• MrDefo

    I really want to support Victory. They’ve made some bold moves lately. Their Victory line of cruisers are really well made. Their Indian bikes look awesome, are well made, and are very distinct from their Victory line. They brought back the Brammo electric bike. However. I don’t like cruisers, I want an electric bike, but I don’t want to pay more for something that has a transmission when the competitor solved it without one for less money. Sorry Victory, but you haven’t made the bike I want yet.

  • Blue

    The video should be part of the story above. These things will be a lot of fun.

  • Added. Thanks!

  • VForce

    That’s a cool video. but to be fair, just about any motorcycle would be that much fun if I had an entire city to use as my personal racetrack.

  • Both the Zero SR and the Brammo Empulse / Victory Empulse TT use a Sevcon Size 6 and a ~103V battery. They’re a great comparison for that reason!

    Brammo chose a smaller 40 kW liquid-cooled motor combined with IET. Zero chose a larger 50 kW direct-drive air-cooled motor.

    The liquid cooling system and IET are partly responsible for the 55 pound weight penalty the Brammo pays over the base Zero SR, and that hurts the maximum acceleration. Despite significantly more wheel torque in 1st gear, the Empulse will probably shift into 2nd at 35 mph. Time spent shifting is time not spent accelerating, and then it’s over between the two. The Zero SR is about a half second faster to 60 mph and a full second faster through the quarter mile.

    However, IET has one more advantage. Continuous high-power operation – sustained blasts on the highway at 90-100 mph or especially on the racetrack – overwhelm the Zero SR’s passive cooling system. This is made worse by the fact that at high RPMs the motor is being operated in “field-weakening” mode, which carries an efficiency penalty .. or in other words, produces more heat for a given power requirement.

    The difference at 90 mph between (making numbers up) 88% efficiency (DD) and 92% efficiency (IET) is not large, in terms of battery pack draw or range .. only a few percent. However, the difference between 12% lost as heat and 8% lost as heat is pretty huge .. the direct-drive system will generate substantially more heat. That’s a big part of why the Empulse can sustain 100+ mph (until the battery is exhausted) and the Zero can hold 90+ mph for only a short period – maybe a couple of miles – before it reduces power to reduce heat generation (Zero says 85 mph sustained on flat ground). The liquid-cooling system doesn’t hurt either.

    Even on the track, though, it’s not that simple. The Zero racers typically use a forced ram air system (and open up the sealed motor) to help move some heat out, which helps … and you’re not always holding the bike pinned at 100+ mph.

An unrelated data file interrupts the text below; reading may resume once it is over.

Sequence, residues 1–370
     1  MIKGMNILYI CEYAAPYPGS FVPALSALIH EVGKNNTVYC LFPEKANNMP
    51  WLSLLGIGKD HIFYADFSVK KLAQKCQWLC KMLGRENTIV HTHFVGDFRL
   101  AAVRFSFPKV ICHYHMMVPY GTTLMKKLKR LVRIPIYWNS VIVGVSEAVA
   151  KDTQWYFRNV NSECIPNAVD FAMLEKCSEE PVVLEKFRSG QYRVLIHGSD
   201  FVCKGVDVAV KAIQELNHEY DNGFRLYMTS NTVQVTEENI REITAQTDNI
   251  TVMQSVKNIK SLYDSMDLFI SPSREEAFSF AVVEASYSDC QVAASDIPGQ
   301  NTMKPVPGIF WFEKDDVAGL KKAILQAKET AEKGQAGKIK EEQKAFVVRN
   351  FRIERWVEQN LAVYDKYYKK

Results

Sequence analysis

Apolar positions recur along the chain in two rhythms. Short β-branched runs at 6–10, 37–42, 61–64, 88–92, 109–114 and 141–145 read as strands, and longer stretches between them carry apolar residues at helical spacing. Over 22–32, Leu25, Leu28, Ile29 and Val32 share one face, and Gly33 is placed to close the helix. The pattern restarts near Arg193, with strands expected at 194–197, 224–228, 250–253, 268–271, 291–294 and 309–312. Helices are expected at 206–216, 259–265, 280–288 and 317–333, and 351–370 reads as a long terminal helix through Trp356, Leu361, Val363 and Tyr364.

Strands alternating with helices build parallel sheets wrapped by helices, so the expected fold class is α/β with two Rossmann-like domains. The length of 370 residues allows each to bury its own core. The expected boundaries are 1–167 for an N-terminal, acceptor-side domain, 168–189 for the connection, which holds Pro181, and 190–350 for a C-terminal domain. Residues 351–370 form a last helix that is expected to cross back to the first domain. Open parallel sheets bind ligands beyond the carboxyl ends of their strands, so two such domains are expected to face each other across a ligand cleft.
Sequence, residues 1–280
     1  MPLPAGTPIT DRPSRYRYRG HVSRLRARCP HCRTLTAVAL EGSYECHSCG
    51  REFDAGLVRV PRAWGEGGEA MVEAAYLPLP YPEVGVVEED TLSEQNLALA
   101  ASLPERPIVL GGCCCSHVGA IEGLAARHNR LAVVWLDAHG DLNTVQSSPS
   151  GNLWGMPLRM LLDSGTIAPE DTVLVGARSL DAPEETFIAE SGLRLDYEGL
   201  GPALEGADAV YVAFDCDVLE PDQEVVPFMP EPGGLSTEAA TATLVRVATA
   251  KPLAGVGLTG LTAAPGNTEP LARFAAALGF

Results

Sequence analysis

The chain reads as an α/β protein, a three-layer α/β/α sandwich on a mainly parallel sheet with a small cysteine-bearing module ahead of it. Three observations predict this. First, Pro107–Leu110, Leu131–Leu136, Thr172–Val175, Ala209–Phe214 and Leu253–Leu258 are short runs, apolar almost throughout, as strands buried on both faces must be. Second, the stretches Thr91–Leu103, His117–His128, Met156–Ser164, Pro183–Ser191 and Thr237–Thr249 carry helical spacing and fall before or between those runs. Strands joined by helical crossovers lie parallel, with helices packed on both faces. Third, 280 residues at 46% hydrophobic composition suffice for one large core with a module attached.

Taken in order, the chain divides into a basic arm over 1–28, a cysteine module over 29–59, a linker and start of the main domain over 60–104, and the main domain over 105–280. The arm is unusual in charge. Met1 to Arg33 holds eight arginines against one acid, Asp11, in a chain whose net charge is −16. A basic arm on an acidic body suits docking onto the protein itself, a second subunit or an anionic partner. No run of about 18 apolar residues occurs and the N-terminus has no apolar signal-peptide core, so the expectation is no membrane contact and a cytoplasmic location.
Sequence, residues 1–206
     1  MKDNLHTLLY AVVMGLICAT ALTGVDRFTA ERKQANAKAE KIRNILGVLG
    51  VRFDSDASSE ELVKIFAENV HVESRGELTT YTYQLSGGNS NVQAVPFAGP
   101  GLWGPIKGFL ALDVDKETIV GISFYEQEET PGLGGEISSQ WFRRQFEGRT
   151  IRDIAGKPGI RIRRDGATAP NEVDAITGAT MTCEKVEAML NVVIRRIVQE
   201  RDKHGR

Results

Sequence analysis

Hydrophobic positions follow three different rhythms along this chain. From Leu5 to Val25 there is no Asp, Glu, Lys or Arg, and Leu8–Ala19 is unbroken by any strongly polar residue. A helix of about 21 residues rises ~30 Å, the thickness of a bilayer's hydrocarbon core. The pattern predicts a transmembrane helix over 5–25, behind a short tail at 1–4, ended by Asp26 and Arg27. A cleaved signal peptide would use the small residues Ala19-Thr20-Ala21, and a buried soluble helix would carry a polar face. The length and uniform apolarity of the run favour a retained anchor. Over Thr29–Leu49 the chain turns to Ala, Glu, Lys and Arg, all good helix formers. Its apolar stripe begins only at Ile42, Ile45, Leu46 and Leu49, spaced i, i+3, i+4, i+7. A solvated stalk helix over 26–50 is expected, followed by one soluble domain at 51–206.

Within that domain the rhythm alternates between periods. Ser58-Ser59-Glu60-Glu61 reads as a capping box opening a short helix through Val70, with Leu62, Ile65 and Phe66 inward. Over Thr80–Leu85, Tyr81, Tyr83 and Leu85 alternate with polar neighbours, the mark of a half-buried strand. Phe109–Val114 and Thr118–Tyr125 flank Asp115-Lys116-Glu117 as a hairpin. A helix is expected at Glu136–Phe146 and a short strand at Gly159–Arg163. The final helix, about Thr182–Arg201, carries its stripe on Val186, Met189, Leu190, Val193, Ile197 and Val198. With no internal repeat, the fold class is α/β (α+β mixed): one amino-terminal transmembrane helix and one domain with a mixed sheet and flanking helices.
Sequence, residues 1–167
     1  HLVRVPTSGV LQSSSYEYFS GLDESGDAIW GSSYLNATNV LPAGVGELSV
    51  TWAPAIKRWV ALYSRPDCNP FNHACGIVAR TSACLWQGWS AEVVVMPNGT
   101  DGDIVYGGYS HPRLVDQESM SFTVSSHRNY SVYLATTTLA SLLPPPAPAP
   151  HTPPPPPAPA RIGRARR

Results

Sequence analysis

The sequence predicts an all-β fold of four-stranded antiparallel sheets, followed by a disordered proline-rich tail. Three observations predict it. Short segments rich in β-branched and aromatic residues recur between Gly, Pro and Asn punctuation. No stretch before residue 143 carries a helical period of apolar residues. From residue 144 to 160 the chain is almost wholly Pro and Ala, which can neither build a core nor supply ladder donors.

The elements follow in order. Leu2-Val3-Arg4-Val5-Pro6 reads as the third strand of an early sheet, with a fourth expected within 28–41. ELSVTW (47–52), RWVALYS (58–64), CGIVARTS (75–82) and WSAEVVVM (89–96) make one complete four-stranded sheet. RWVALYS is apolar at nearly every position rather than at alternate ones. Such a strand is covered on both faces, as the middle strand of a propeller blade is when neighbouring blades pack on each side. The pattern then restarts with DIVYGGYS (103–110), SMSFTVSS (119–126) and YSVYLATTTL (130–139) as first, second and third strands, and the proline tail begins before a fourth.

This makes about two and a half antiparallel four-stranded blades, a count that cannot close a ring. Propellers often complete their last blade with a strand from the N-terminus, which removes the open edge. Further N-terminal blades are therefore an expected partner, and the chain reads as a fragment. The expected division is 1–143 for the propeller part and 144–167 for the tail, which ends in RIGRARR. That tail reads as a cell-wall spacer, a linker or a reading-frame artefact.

Consider this: at Willow Springs race 1 (Zero vs Brammo), the Zeros went 1-2-3 for the podium. For race 2 after a crash on-track led to an early restart, the Brammo bikes took spots 1 and 3.

    And on the street, I can count on one hand (and have a few fingers left over) the number of times I’ve held 100+ mph for more than a mile or so on my previous gas bike. That simply wasn’t my riding style .. IET has nothing for me. Give me a big motor and fewer things to break and I’m happy.

  • “every single ICE motorcycle has had one”

    The first cars looked like horse carriages too … hence the moniker horseless carriage. It’s simply what people were familiar with, both consumers and designers.

    “mature technology”

    The Empulse has been recalled once for transmission problems. And various owners have reported leaks. Transmissions in theory are fairly mature, but the implementations frequently have early teething issues.

    The Zero S also has a smaller motor controller than the Empulse. No question that IET helps at the same power output. The Zero SR has the same motor controller as the Empulse; it’s a better comparison of the actual IET tradeoffs (small motor + IET vs large motor + direct drive).

  • Campisi

    Is top-end heat generation on the Victory (gotta get used to the new nomenclature) better mitigated because the fluid cooling system counteracts it, or because the IET allows the motor to stay out of the RPM range within which field weakening occurs?

  • Good question, I don’t know!

    The absolute amount of heat generated is still much less than a gas bike, but the electric motor (magnets) require a much lower temperature (~200F).

    Some of the Zero racers have also experimented with liquid cooling systems. Or instead, the sealed motor can be filled with oil, which does a better job of transmitting rotor heat to the exterior fins.

  • a Yamaha R7 was just sold for 21K on eBay. The choice is easy. Leave the electrics for the Silicon Valley nerds. I can see Hooli employees loving these bikes.

  • Hooli…I lol’d.